Ann Romney and the John and Abigail Adams Scholarship

I have made at least half a dozen phone calls this summer trying to track down my daughter’s John and Abigail Adams Scholarship award money. This happens: her name is spelled two different ways in the BPS computer system, so things inevitably get lost. Sometimes I’ve wondered why I bother. At this point, it is only my obsessive-compulsive need for her to get all the scholarship money to which she is entitled that keeps me chasing after the paperwork, because the scholarship itself is not a game-changer. The estimated cost of attending UMass–Amherst for one year is $23,167. The Adams Scholarship covers $1,714. (And in my daughter’s case, only $286/semester, since the award overlaps with another one she received.)

So I was surprised last night when Ann Romney, in her speech to the Republican National Convention, championed this program as one of her husband’s strongest achievements during his one-term stint as Massachusetts governor:

Under Mitt, Massachusetts’s schools were the best in the nation. The best. He started the John and Abigail Adams scholarships, which give the top 25 percent of high school graduates a four-year tuition-free scholarship.

If you heard that and thought it sounded too good to be true, you’d be right. The Adams Scholarship is only available to Massachusetts public school graduates who go on to public colleges and universities, and in the UMass system, more than 80% of college costs are collected through “fees,” not “tuition.” And that doesn’t include the cost of room and board, books, travel expenses, and health insurance.

So yes, it’s a full-tuition scholarship... but tuition at UMass–Amherst is $857/semester. Families still have to come up with the other $10,000/semester in fees from other sources. (See also UMass–Lowell, UMass–Boston, and Bunker Hill Community College.)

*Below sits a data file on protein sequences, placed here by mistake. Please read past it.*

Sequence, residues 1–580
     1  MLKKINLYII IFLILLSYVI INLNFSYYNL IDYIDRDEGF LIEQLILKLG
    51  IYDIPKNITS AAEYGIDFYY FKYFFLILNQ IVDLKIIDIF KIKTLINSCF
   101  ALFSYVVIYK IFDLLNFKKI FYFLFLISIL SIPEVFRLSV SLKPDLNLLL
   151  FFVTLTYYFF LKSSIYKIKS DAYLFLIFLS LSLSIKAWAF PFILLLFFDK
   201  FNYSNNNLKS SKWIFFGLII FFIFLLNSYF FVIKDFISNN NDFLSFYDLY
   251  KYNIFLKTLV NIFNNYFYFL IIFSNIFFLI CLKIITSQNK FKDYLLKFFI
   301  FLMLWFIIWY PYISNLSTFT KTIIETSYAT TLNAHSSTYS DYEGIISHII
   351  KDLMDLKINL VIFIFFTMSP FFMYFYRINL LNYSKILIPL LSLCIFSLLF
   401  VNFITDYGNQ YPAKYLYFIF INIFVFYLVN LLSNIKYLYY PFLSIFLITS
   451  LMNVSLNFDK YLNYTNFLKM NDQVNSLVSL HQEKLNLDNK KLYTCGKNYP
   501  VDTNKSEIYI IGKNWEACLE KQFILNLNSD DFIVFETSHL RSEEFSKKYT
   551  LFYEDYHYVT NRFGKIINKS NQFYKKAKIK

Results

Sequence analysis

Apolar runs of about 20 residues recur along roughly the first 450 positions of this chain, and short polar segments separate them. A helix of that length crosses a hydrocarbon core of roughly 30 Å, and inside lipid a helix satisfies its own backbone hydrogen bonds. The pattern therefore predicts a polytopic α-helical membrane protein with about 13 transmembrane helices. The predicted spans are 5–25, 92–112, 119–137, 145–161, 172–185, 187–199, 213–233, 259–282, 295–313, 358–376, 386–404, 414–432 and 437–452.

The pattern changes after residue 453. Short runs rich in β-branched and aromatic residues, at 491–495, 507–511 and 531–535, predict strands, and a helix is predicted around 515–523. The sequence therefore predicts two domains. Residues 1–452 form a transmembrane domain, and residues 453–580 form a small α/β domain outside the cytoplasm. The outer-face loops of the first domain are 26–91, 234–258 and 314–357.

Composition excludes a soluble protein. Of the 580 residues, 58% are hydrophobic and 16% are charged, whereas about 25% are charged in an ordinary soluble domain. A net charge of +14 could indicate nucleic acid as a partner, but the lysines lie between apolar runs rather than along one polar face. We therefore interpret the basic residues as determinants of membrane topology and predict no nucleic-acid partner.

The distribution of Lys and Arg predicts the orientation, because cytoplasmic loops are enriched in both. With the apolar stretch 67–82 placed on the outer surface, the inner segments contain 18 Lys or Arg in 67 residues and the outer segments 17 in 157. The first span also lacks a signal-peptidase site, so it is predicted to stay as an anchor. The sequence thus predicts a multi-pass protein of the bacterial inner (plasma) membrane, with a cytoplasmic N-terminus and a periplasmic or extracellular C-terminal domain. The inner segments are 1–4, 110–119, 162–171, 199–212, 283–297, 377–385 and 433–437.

And students who attend private colleges, or those who attend part-time, are not eligible at all.

That said, if you received an Advanced score on one section of the MCAS and an Advanced or Proficient score on the other, and if your combined scored placed you in the top 25% of your district’s graduating class, you will be eligible for the scholarship if you complete your diploma at a public high school in Massachusetts. Over the course of four years, that’s a $6,856 benefit in the form of a grant, not a loan, so it doesn’t have to be paid back. You don’t need to demonstrate financial need to qualify for it, and you don’t even have to fill out any special application; it’s awarded automatically (unless, of course, your name is spelled two different ways in the BPS computer system, in which case you should set aside your summer to track it down). If you are close to graduating but are considering leaving school, you should factor this into your decision. Homeschooled and privately educated students forfeit their eligibility.

One way around this is to transfer to an alternative high school. Initially, this was the reason my daughter enrolled in the Distance Learning Program at the Boston Day and Evening Academy. She did most of her academic work outside the school, but by earning a BDEA diploma she still qualified for the scholarship. BDEA has since become more restrictive about the students it accepts into the Distance program, but they are still far more flexible than most traditional high schools.